Red Sox

David Price may actually be perfect for Boston

David Price may actually be perfect for Boston

BOSTON — David Price may actually be perfect for Boston. 

With each wisecrack to the media, the lefty may be embracing the spotlight. He is inviting it further, brighter. But wait — is that his intent? He may simply want to take shots when he can, disguised as jokes. Or maybe they're just . . . jokes.

Let's run in circles. Maybe that's what he wants. Maybe that's what we, those who consume sports, want to do. Because Price and perception is far from a new subject.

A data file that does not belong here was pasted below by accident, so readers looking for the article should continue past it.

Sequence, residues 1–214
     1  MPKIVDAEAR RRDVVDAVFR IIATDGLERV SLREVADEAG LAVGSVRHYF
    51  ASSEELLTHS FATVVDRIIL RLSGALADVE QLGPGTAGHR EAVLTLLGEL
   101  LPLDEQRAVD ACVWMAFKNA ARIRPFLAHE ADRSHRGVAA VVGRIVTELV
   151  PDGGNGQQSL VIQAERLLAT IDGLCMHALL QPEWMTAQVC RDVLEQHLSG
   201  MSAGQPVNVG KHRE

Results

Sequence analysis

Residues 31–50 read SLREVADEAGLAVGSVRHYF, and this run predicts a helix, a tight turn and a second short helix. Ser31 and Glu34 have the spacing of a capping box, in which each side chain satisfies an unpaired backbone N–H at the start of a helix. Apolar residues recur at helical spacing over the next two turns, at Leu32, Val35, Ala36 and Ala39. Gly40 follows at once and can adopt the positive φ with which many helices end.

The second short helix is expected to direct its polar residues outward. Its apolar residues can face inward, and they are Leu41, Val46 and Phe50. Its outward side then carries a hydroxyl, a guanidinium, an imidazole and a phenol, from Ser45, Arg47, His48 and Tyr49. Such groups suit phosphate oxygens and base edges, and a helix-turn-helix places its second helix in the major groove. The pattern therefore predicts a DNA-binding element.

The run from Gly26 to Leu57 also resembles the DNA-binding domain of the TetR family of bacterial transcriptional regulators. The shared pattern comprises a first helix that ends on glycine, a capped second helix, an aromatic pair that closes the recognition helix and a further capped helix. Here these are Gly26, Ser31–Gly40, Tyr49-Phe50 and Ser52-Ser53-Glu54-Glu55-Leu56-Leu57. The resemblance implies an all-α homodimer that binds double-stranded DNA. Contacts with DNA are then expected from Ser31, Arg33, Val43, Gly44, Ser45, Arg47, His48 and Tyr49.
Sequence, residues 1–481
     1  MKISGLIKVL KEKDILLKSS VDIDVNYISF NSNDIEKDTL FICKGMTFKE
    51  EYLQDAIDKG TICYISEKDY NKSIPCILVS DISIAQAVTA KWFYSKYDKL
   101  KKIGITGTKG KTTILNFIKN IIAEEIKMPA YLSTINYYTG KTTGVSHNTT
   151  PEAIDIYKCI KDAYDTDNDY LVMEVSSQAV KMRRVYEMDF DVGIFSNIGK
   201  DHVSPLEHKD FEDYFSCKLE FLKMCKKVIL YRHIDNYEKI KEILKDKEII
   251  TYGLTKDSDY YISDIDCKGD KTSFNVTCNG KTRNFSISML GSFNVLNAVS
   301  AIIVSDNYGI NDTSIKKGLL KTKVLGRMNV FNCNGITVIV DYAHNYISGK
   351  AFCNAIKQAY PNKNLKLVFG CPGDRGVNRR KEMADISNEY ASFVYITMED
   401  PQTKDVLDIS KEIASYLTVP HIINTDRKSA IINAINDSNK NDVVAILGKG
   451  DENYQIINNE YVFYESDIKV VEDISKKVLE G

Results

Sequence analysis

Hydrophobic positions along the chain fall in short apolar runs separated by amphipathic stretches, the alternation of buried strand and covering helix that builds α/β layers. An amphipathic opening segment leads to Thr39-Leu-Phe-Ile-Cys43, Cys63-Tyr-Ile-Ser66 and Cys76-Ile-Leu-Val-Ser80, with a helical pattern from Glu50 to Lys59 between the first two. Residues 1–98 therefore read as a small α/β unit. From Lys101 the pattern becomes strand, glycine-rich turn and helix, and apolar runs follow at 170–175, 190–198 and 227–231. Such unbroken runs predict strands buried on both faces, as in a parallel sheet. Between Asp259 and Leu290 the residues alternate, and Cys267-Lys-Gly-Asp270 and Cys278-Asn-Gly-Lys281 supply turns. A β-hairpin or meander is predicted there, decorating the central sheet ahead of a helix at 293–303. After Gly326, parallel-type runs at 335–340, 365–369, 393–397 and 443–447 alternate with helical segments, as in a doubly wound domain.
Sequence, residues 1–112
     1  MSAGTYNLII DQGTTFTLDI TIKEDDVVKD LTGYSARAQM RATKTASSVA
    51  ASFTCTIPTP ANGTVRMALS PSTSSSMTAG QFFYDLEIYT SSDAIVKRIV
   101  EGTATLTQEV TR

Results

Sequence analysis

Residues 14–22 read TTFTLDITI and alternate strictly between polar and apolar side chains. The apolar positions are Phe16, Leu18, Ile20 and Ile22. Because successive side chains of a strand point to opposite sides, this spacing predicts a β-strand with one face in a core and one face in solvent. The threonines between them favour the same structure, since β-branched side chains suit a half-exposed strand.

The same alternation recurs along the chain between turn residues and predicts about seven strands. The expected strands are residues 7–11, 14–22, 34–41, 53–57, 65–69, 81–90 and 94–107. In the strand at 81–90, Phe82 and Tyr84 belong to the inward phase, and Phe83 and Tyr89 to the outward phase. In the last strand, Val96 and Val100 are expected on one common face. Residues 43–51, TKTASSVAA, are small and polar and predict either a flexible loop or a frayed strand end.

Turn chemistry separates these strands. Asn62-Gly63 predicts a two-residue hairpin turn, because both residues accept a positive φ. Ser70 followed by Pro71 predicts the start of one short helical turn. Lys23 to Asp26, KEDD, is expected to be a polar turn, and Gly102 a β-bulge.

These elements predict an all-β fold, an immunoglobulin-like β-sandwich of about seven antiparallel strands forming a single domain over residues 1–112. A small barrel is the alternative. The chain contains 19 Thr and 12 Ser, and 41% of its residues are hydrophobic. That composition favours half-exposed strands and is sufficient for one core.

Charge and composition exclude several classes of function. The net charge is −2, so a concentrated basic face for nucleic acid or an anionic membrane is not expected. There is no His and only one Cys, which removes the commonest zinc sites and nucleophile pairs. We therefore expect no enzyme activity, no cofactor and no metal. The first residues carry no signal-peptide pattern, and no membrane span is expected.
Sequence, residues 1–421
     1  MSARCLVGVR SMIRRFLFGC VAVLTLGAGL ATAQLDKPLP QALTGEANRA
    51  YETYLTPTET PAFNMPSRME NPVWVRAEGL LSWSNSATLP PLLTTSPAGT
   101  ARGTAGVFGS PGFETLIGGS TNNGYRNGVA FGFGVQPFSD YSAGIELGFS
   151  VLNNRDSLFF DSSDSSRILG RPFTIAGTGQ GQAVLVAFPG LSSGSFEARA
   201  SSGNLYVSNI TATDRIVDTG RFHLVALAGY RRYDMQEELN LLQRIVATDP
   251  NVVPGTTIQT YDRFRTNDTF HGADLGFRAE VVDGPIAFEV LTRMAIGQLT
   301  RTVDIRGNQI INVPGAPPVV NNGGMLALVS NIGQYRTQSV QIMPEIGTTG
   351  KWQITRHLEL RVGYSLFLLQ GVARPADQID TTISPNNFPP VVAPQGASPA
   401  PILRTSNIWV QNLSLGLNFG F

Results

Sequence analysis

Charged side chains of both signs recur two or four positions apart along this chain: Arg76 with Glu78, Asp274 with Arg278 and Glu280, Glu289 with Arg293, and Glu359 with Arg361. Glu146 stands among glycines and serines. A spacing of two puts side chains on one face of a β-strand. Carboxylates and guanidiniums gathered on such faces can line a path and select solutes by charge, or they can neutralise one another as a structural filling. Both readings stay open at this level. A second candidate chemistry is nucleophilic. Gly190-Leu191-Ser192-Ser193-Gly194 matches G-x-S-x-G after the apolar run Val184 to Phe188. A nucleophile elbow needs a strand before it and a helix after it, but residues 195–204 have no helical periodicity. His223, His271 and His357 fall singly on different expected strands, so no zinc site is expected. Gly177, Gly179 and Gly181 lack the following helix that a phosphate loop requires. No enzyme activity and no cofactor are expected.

Whether Price realizes it or not, his sarcasm is sublime. There's allure in the opaque. In sports, we want winning players and we want layered people. Price provides both, with no tangible downside to point to in 2018.

In the last two months, the Red Sox lefty has consistently entertained both on the mound and in interviews, underscoring his status as a thought-provoking figure in a city that devours personality. The motivations behind his jokes, or jabs, and their ultimate impact could be debated for a fortnight. They're speculative to begin with.

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On Tuesday, after six strong innings against the Angels in a 9-1 win, Price was asked if he’s looking forward to pitching in New York on Sunday. That game will be a national telecast, and Price’s first start against the Yankees after two misfires for health reasons.